Are You Caught Up on Changes to Executive Compensation Under the TCJA?
posted May 20, 2019 by Erica Beneduce in the Global Tax Blog
Does your organization offer stock options or substantial salaries to executives and other employees? It’s important that you review your compensation arrangements in light of changes made by the Tax Cuts and Jobs Act (TCJA). Although the legislation was passed in December 2017, many employers are still dealing with its impact.
Prior to the TCJA, employers generally could deduct the compensation and wages paid to employees as “ordinary and necessary” business expenses. Section 162(m) limited publicly traded companies to a $1 million deduction for compensation paid to “covered employees” (defined as a company’s CEO and the next three highest paid executives, besides the CEO and CFO).
However, the IRS provided an exemption to the $1 million for commissions and compensation which qualified as “performance based”. Performance based compensation includes annual incentive plan payouts, stock options, appreciation rights and performance based equity awards.
What changed under the TCJA?
1. Under the TCJA, commissions and performance-based compensation are no longer exempt from the $1 million limit, hence all compensation exceeding $1 million is no longer tax deductible.
2. In addition the definition of “covered employees” has been expanded to include:
- The CFO (or principal financial officer)
- Anyone who served as the CEO or CFO at any point during the taxable year (the prior rule only considered executives who served in such roles at the end of the year)
*Under the new rules, anyone who was a covered employee for a taxable year beginning after December 31, 2016 will remain a covered employee for all future years, even if the individual ceased being an officer.
3. The scope of companies subject to 162(m) also expanded to include private companies that register debt or equity securities with the Securities and Exchange Commission, including foreign companies publicly traded through ADRs.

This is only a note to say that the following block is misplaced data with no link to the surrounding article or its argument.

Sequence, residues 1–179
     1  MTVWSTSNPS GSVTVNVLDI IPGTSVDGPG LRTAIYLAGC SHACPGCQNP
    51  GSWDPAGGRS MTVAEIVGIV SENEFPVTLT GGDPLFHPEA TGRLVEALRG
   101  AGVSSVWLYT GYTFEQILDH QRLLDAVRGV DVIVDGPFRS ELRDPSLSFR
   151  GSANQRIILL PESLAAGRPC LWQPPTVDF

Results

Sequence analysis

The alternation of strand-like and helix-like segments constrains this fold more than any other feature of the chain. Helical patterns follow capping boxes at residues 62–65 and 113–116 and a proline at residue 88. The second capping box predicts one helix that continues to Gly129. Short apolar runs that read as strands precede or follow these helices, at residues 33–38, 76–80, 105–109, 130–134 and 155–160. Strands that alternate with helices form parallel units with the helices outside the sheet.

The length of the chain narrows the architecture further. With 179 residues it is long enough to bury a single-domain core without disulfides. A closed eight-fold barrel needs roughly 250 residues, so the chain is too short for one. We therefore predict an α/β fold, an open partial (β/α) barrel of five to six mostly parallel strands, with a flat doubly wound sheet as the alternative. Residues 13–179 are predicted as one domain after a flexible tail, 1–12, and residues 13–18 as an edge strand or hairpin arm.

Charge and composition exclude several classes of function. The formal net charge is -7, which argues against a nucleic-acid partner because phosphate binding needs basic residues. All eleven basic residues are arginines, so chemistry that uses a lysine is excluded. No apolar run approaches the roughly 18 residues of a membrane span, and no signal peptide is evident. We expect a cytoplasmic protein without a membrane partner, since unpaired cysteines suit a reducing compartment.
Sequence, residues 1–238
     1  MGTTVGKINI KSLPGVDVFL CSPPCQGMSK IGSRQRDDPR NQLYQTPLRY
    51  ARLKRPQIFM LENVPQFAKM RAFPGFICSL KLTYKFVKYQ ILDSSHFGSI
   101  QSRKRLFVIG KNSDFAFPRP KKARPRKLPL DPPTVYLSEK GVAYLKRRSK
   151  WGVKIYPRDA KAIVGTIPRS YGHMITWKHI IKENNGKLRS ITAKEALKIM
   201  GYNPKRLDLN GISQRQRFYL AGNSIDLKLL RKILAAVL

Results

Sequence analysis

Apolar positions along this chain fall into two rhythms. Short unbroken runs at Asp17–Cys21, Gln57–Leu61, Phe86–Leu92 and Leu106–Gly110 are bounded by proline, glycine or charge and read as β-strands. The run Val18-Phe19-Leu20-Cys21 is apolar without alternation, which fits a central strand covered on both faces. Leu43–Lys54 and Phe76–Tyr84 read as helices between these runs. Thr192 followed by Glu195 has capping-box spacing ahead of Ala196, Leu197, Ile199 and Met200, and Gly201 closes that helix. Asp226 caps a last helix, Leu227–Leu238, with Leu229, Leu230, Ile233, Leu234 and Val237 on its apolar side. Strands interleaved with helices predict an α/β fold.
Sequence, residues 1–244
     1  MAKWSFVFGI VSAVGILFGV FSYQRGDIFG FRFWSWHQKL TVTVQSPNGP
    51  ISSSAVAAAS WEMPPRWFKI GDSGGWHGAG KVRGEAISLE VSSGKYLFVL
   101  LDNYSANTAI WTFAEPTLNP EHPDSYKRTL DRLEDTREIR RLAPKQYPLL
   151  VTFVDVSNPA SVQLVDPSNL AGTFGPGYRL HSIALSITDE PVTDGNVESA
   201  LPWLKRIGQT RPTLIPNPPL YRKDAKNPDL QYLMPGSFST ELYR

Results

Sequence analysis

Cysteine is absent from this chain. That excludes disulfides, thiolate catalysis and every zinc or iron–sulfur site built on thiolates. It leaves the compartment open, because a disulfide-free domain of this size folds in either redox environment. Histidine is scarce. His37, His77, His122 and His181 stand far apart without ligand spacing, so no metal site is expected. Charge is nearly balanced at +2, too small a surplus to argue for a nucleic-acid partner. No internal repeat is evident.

In 2018, the IRS issued Notice 2018-68 clarifying changes made to Section 162(m), including a grandfather, or transition rule (provision where an old rule continues to apply to some existing situations while a new rule will apply to all future cases). Payments exceeding $1 million can continue to be fully deductible under the grandfather rule. The changes to Code Section 162(m) will not apply to compensation payable pursuant to a written binding contract that was in effect November 2nd 2017 (so long as the contracts have not been materially modified thereafter). Deductible compensation under the grandfather rule includes existing stock options and other performance-based equity awards.
What is material modification?
Typically a material modification occurs when a contract is amended to increase the compensation amount payable to an employee.
Other compensation considerations from the TCJA
Check out our blog, Tech Companies, Let’s Review Your Compensation Plan under New Tax Law. There are some other limitations under the TCJA regarding…
- Meals and entertainment- Do you provide meals for your employees? If so, amounts paid or incurred in 2018 and beyond may be only 50% deductible if they fall under these categories- de minimis meals, meals provided for the employer’s convenience, or meals at employer-operated eating facilities.
- Transportation fringes- Employers can no longer deduct the cost of qualified employee transportation fringe benefits (for example, parking allowances, mass transit passes and van pooling).
- Relocation packages- Employers can no longer deduct pay or reimburse an employee’s moving expenses on a tax-free basis. Starting in 2018, reimbursed employee moving expenses are includable in W-2 wages and deductible as a compensation expense.
Going forward you’ll want to review your existing incentive plans to determine whether any changes should be made to compensation arrangements.
Need help navigating the TCJA? Contact us.